N078 The Doctor’s Wife




 

The madman with a box loses his box and gains a bitey mad lady



Responding to a Time Lord distress call in a psychic container, The Doctor, Amy and Rory take the TARDIS through a cosmic crack to a plughole junkyard just outside of the universe.

Inhabiting the junkyard are Auntie, Uncle, Nephew and Idris, a humanoid milk bottle into which the rich creamy soul of the TARDIS is poured.

The junkyard itself, known as House, is alive and feasting on gullible Time Lord heroes, but with none more left it kidnaps the Ponds and TARDISes away, leaving Doc and Idris behind with barely a few minutes until absolute zero hits.

Here's what we think

Ponken

@ponken

3.3

The Drewid

@drewbackwhen

4.1

Marie

Not on twitter...

4.3

Here's what you think

9 Responses to “N078 The Doctor’s Wife”

  1. Thomas Meehan

    Here we have a 2nd TARDIS centric episode (after The Edge of Destruction & before Journey To The Centre of The TARDIS)

    The Doctor can finally talk to his “sexy” wife in person & we see the return of an Ood “love an Ood”

    The Amy & Rory/House subplot is boring & drags on, it should have been fully about the TARDIS. 

    We also get to see a previous Console Room (which I was VERY happy about & possibly one of my favourite Console Rooms) and a new Console (designed by a Blue Peter winner)

    Hint: (which we all know & probably did at the time) “The only water in the forest is the river” which alludes to… MELODY, I mean RIVER.

    Auntie & Uncle are utter boring and should have been cut from the script.

    I like The Doctor’s Wife, Suranne Jones is fantastic & Matt Smith is great! 

    I give it a 5!

    Reply
    • Welcome to Listener-Mini Land, Thomas! Great to have you aboard. Keep’em coming! :-)

      Reply
  2. Trenton Bless | @trentonbless

    I think many people wished the TARDIS was a woman. I think it was a brilliant move to have this episode, and I really enjoyed it.
    Neil Gaiman, writer of books such as Coraline, wrote this episode. Like Coraline, this episode is a little darker and plays around with so many cool ideas.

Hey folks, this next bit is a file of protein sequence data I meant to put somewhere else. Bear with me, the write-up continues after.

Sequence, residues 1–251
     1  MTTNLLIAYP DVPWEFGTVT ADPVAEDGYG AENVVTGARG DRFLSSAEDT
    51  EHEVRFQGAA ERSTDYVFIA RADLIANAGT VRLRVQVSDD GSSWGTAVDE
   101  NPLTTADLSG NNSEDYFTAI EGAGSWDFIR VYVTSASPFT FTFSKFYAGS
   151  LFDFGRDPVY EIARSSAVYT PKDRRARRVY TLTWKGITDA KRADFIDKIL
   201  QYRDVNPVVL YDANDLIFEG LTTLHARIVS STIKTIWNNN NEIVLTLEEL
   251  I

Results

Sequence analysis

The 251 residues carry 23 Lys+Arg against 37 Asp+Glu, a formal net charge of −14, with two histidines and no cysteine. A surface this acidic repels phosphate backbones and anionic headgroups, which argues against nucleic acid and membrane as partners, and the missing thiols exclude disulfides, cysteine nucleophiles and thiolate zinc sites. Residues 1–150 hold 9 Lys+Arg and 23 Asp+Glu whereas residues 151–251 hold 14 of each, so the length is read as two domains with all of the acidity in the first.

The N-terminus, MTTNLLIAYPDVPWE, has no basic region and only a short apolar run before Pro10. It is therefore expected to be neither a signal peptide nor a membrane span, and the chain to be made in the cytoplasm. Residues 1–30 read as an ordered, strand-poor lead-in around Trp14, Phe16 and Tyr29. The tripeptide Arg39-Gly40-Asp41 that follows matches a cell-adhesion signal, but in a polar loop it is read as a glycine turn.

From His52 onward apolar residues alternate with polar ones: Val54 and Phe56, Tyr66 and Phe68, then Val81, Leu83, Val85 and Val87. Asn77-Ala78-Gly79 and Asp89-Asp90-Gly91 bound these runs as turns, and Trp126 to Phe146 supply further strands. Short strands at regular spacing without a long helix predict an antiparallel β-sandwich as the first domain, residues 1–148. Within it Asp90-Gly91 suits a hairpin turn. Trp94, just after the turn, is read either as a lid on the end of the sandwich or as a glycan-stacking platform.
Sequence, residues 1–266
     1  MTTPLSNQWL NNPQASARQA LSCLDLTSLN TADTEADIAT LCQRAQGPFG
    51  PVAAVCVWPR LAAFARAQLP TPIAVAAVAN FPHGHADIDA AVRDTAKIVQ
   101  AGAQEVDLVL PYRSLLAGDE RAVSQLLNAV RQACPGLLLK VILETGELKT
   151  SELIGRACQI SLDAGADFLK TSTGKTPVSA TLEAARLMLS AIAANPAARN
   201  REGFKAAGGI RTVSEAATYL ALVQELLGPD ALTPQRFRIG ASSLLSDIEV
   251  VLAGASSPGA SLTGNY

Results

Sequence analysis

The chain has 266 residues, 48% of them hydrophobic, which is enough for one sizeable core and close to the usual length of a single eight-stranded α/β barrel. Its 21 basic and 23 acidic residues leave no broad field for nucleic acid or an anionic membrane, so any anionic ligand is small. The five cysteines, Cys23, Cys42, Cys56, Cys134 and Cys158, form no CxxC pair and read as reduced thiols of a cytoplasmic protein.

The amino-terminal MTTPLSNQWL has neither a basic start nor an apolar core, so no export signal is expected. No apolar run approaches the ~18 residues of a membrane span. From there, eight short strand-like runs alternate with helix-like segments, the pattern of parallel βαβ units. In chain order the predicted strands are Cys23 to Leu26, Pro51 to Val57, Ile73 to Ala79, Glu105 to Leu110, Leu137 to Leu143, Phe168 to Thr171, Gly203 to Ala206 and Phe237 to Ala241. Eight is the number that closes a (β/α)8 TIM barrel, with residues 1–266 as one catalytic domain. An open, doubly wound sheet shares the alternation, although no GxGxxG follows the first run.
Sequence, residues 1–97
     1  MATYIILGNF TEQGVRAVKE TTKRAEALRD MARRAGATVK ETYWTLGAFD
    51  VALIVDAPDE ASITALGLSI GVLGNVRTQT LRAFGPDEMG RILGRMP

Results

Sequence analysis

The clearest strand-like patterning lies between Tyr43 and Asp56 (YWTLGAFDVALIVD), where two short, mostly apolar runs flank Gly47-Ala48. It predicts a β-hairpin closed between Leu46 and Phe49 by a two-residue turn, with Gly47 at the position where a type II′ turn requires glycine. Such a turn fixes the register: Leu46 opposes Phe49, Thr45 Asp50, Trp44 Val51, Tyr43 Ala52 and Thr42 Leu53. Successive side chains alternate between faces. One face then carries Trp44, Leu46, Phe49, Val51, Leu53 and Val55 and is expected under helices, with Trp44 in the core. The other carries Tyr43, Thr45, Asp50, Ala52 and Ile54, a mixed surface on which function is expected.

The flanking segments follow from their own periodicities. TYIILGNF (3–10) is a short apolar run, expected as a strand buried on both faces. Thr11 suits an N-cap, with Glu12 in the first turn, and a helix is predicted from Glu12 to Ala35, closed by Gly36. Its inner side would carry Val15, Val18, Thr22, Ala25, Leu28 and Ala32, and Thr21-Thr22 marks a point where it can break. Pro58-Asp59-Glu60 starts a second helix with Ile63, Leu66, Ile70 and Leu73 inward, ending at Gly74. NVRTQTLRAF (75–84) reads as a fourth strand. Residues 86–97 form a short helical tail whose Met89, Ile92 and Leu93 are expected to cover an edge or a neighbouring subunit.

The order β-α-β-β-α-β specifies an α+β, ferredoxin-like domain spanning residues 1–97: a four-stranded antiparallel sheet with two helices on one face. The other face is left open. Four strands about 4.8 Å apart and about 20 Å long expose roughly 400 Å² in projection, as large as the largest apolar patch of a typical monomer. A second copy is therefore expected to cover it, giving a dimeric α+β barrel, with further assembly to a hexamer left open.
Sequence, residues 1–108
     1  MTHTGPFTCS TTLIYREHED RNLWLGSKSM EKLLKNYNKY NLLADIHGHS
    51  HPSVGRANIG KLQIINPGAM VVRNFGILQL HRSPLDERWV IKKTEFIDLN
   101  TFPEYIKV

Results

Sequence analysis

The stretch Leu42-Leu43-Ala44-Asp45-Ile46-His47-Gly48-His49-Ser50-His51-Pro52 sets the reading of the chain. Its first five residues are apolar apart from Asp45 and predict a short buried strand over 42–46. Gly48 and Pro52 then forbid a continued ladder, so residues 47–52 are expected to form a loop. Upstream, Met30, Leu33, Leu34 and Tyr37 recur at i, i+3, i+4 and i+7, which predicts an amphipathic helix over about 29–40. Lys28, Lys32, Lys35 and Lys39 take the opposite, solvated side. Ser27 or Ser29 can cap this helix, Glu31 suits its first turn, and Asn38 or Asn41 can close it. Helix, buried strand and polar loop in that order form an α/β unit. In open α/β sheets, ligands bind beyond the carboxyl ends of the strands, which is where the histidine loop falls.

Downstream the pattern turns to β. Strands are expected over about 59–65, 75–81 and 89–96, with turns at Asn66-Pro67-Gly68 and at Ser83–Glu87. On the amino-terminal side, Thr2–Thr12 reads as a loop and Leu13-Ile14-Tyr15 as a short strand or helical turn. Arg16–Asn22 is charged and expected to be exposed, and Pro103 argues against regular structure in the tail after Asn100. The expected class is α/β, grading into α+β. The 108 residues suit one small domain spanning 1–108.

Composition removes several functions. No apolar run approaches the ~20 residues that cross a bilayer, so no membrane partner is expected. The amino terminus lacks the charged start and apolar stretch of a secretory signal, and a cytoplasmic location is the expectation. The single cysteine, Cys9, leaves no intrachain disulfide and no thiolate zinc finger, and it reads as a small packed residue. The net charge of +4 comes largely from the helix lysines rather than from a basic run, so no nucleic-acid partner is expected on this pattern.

If you’ve seen Coraline, then you’ll get that the darker entity known as House is represented by this green light when he’s transferred into the TARDIS. The Other Mother from Coraline has this bright world but as the plot goes on things become this sickly green color as the web unwinds.

    Speaking of House, he is voiced to perfection by Michael Sheen. I would compare his performance to Gabriel Woolf’s performance as the voice of The Beast in The Impossible Planet/The Satan Pit and even Sutekh from Pyramids of Mars. Like Sutekh, House is chilling and enjoys what he does. I think it was so wonderful.

    That scene between Amy and Rory continually being seperated was really dark for this show. I mean, that bit still creeps me out to this day just thinking about it. So unsettling.

    Probably the best thing about this episode is that the TARDIS is finally able to talk with the Doctor. The dynamic between the two is amazing and it’s almost like they are a married couple. I loved every second of it and I really think in the end we knew a little more about the Doctor’s relationship with his TARDIS.

    Overall, this was a wonderful episode and a highlight of Series 6 for me. While many of the episodes ranged from being mediocre to decent over the course of this series, I think this is the best of the bunch. For such a unique idea and perfect execution, this episode gets a 4.20/5!

    Reply
    • Trenton Bless

      I love how we all have these confusing feelings about this episode.

      Reply
  3. Jim The Fish

    Jeez, where to start…well, I know, WHOBACKWHEN HAS THE BEST DOCPASTS! (see Drew, it’s not just Ponken who likes it)

    I’m probably in the minority here.

    First of all, I found the Amy and Rory subplot pretty boring. once I realized that they were running through the Tardis I got excited to see more of it but was pretty disappointed to see the same 20 feet of corridor endlessly repeated. I understand that there were budgetary constraints, but once it was clear that we weren’t going to see any other rooms I felt disappointed.

    (and given that the other control room was only shown in very dim, green light would it really have cost that much to do an approximation of a different control room? The wood paneled secondary control room from the Tom Baker era seems like it would have been easy enough to do)

    But the thing that really bothered me was the personification of the Tardis. To me it was like the Midichlorians in The Phantom Menace – a way to concretely quantify something mystical that doesn’t  need  to be quantified in concrete terms. Or to quote my roommate that “making subtext into text is often a mistake”.

    I liked last week’s better,  despite it recycling (for the third time!) the idea of a machine that blindly heals those who don’t want to be healed.